A Spider’s Perspective

Lesson Plan

Lesson

Students will first pay attention to details about the Denver Art Museum’s North Building and then imagine they are a spider, or other small creature, and write a short piece about exploring the outside of the building from this new perspective.

Intended Age Group

Elementary (grades K-5)

Length of Lesson

One 50 minute lesson

Standards Area

Language Arts

Objectives

Students will be able to:

  • identify colors, shapes, and other elements in the North Building;
  • use their imaginations to write from different perspectives; and
  • feel comfortable giving advice to and using advice from their peers to improve writing skills.

Lesson

  1. Warm-up: Have children roll a game-die and ask them to find that number of a particular shape, color, or texture somewhere in your classroom. For example, if a student rolls a 5, have the class find 5 different square shapes. Here are some ideas of what to have them find: blue, square, red, shiny, scratchy, yellow, and clear.
  2. Tell the students you are going to play the same game but with pictures of a building instead. Show the children pictures of the Denver Art Museum’s North Building. Have them roll the die again. Whatever number it lands on, ask students to find that same number of different shapes, lines, and other features in the pictures. For example, if students roll a 2, have them find 2 horizontal lines. Be sure to make each round more challenging than the previous.
  3. Tell students to imagine that they are a spider (or an animal, bug, etc., as small as a spider) that is climbing around the outside of the building. Write about what they see (views, colors, immediate impressions), feel (texture, temperature, wind, sun), and the effort/exertion of the climb/movement. Allow them to look at pictures of the different views of the building as they write.
  4. After writing for about 10–15 minutes, have them meet in groups of 2–3 to share what they have so far. Tell them to give each other feedback on what is clear, what they could improve, and what they love.
  5. Have students share their finished stories with the entire class or in groups of 3–4.

Materials

  • One game-die
  • Lined paper and pencil/pen for each student
  • About the Art section on the North Building
  • One color copy of the building for every four students, or the ability to project the image onto a wall or screen

Standards

CO Standards

  • Visual Arts
    • Observe and Learn to Comprehend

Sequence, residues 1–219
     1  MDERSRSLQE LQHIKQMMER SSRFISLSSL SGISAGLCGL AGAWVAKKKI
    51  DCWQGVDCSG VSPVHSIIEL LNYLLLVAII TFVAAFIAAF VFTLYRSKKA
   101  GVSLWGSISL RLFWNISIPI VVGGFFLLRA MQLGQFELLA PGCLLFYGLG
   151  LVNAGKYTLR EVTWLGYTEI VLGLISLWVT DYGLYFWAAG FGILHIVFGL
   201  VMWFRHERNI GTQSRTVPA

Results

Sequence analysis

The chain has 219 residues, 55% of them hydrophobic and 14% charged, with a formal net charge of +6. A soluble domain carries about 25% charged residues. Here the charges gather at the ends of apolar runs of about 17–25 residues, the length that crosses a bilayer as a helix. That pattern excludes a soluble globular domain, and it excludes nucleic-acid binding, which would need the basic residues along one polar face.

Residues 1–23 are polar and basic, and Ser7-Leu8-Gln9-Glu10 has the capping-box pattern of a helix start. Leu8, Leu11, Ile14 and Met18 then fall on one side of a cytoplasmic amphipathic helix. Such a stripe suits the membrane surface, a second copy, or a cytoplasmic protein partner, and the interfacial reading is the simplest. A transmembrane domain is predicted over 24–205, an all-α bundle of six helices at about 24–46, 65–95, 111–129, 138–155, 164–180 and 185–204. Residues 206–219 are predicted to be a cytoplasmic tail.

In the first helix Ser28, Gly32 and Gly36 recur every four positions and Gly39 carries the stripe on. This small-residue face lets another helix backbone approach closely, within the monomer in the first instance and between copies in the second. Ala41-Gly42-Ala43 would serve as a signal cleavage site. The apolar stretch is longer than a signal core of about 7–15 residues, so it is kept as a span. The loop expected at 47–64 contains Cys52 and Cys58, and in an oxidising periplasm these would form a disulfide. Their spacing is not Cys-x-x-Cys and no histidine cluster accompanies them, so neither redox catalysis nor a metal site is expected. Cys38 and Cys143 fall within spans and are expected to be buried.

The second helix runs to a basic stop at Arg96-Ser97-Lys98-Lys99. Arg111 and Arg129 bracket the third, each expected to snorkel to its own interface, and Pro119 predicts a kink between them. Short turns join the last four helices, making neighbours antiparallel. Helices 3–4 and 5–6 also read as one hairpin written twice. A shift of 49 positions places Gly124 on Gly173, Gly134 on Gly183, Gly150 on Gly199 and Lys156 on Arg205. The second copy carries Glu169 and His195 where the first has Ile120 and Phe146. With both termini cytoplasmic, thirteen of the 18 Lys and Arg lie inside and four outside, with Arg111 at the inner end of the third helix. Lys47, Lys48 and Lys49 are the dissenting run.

• Relate and Connect to Transfer
    • Envision and Critique to Reflect
  • Language Arts
    • Oral Expression and Listening
    • Writing and Composition

21st Century Skills

  • Collaboration
  • Critical Thinking & Reasoning
  • Information Literacy
  • Invention
  • Self-Direction

About the Art

North Building

North Building

1971

Gio Ponti and James Sudler Associates

Who Made It?

The Denver Art Museum’s North Building was designed by Italian architect Gio Ponti, along with Denver-based architects James Sudler and Joal Cronenwett. Ponti lived in Italy while the North Building was designed and constructed, and the three men sent revisions of drawings back and forth between Denver and Milan. Ponti often referred to the trio as “we three architects.” The North Building opened on October 3, 1971, and is Ponti’s only building in North America. The form of the North Building provided an identity for the Denver Art Museum and became a symbol of the DAM itself.

Gio Ponti was born in Milan in 1891. He studied architecture there but was forced to interrupt his studies to serve in the Italian army during World War I. After the war, he completed his degree but instead of becoming an architect, he took a position as the artistic director for a ceramics manufacturer. Ponti took on a number of different roles throughout the course of his life, including architect, designer, poet, painter, and editor. As a designer, he created things like silverware, glassware, ceramics, chairs, and even a coffee machine and an automobile.

While coming up with new building designs, Ponti followed a six-step problem-solving process: